Forwarding events in C#

For a long time I’ve had a problem with events in C#: I want to wrap one class in another, which offers a higher level of abstraction, but this means that all the events have to be copied and lots of boilerplate code has to be written to do the forwarding. The obvious thing to do would be to have an event exposed as a property, which would give clients of the abstract interface read-only access to the event:

public class HigherLevelClass
{
   public event SomeDelegate MyEvent
   {
      get { return impl.MyEvent; }
   };

   private LowerLevelClass impl;

   /* ... */
}

Unfortunately this isn’t valid syntax, and at first glance that seems to be the end of it. However, I discovered today that the designers of C# have actually thought of this, and provided a way round it:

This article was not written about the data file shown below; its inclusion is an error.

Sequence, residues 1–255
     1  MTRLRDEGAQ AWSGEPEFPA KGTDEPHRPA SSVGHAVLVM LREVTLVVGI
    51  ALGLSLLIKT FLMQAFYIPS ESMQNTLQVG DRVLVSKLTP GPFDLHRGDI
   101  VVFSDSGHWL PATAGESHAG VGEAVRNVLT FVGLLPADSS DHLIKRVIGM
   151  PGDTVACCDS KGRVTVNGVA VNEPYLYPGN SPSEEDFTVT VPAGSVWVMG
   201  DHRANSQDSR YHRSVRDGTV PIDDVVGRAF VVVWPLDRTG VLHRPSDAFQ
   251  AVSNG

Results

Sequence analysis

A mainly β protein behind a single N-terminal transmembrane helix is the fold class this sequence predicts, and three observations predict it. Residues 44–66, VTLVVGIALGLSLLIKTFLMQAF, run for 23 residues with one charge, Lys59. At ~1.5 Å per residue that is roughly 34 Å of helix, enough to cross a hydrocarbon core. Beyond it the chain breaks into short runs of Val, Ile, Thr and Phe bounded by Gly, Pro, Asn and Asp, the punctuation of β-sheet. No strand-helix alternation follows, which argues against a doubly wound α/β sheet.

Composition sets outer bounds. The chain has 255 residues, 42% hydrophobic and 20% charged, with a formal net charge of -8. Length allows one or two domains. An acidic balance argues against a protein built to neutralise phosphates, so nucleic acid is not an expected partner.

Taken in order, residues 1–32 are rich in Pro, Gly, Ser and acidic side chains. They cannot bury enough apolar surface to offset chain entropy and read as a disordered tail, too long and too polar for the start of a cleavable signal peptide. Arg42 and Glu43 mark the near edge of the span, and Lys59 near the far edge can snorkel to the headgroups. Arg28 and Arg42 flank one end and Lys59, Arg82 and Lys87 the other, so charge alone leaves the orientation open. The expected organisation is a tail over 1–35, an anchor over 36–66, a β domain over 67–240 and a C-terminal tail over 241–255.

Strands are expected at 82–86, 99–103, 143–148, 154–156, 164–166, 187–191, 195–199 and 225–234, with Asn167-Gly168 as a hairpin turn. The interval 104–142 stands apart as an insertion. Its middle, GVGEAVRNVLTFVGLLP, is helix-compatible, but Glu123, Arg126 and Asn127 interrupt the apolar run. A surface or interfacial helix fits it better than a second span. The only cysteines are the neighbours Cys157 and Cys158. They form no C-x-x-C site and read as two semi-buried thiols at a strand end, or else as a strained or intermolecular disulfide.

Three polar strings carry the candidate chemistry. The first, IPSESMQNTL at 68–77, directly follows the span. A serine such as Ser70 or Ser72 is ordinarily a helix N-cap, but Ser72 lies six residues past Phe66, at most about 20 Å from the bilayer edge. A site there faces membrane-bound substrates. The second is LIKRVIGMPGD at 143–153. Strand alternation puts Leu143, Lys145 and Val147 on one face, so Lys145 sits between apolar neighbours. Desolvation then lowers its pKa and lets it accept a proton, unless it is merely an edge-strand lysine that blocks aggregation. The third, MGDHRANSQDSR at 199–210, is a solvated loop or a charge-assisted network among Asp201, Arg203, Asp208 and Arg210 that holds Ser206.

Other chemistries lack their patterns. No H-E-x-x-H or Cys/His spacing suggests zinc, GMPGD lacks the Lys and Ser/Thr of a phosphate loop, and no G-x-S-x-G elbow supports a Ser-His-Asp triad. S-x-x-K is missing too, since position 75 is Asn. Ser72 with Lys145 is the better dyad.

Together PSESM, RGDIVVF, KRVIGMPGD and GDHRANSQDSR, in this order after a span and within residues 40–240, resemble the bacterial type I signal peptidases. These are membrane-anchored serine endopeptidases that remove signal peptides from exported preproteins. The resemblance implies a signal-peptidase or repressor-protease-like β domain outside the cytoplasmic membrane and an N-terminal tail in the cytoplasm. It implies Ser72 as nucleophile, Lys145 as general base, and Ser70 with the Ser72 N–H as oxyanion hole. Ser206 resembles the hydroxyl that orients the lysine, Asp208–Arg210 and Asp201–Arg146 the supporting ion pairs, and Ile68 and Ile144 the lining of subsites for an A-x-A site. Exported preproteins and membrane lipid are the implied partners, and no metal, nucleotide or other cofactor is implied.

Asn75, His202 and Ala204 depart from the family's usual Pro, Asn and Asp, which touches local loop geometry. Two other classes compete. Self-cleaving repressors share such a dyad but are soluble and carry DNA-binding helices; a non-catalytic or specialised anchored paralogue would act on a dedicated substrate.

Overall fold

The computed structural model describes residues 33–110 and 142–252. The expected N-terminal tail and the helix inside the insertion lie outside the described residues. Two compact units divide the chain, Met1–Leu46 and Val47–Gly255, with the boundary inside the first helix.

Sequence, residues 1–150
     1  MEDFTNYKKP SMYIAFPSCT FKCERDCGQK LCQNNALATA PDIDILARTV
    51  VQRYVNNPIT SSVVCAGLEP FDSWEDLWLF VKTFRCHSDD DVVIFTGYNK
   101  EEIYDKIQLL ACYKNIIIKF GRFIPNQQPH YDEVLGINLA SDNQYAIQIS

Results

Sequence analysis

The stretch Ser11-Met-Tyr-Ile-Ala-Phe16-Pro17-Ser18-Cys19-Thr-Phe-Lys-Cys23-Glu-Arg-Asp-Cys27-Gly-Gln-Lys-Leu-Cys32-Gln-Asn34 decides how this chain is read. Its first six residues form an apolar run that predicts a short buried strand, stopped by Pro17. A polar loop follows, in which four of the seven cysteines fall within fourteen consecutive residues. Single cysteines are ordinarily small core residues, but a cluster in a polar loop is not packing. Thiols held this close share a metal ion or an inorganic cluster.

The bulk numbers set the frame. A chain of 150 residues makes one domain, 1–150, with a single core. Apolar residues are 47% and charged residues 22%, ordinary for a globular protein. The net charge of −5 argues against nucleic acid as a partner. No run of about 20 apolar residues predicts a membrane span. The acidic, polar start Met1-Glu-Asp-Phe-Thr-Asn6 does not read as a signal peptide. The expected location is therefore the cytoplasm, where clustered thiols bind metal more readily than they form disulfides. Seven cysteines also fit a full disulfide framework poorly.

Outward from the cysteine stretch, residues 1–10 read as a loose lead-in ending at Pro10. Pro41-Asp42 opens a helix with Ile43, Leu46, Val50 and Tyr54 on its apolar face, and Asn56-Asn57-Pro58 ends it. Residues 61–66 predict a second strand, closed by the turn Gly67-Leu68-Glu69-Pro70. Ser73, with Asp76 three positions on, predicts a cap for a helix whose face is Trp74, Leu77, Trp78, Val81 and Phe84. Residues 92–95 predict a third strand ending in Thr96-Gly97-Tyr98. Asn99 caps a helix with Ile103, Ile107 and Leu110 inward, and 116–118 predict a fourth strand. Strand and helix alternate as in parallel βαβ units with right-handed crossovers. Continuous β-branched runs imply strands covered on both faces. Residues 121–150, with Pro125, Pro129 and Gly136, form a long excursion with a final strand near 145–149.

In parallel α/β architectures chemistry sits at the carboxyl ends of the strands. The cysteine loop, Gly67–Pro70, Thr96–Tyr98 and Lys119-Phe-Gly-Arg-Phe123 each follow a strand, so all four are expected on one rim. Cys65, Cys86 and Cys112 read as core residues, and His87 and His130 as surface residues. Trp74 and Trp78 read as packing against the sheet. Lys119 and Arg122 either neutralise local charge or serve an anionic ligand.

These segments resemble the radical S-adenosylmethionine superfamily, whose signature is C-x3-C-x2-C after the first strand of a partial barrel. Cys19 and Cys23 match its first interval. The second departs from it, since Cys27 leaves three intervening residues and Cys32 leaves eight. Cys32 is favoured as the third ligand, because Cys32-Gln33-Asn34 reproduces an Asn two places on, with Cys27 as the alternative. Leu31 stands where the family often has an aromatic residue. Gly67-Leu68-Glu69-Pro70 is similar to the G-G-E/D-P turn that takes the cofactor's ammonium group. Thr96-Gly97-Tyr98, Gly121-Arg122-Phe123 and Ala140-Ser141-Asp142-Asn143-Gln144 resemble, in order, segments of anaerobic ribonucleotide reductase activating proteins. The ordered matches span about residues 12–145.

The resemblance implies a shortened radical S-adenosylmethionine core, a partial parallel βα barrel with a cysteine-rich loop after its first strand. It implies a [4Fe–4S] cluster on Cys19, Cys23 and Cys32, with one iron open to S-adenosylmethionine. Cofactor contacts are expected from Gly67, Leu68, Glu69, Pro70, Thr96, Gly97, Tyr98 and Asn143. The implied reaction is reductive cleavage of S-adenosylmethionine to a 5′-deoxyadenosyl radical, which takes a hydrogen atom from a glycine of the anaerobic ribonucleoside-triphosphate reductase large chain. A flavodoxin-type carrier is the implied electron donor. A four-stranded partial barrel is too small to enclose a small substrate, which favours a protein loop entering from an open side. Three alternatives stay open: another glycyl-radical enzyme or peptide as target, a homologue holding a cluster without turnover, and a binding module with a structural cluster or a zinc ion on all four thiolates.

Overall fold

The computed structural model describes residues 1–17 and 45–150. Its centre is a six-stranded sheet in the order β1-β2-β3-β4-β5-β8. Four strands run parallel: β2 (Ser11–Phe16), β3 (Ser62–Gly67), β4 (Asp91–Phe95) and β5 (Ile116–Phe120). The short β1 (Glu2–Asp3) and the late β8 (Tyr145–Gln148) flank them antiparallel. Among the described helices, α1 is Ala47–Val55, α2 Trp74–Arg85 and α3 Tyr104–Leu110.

public class HigherLevelClass
{
   public event SomeDelegate MyEvent
   {
      add { impl.MyEvent += value; }
      remove { impl.MyEvent -= value; }
   };
}

Simple, once you know how. But this illustrates an interesting problem with keyword search when applied to programming techniques: I’ve searched for just this information on several occasions, but wasn’t able to find it until I hit on the magic phrase “event forwarding”. In my experience it’s pretty common to know how to describe what you’d like something to do, but not be able to find the same words as the person who knows how to do it.

I’m sure this is far from the only reason, but perhaps it goes some way to explaining why there are eight separate implementations of every single open source library type, each of which is partially complete.

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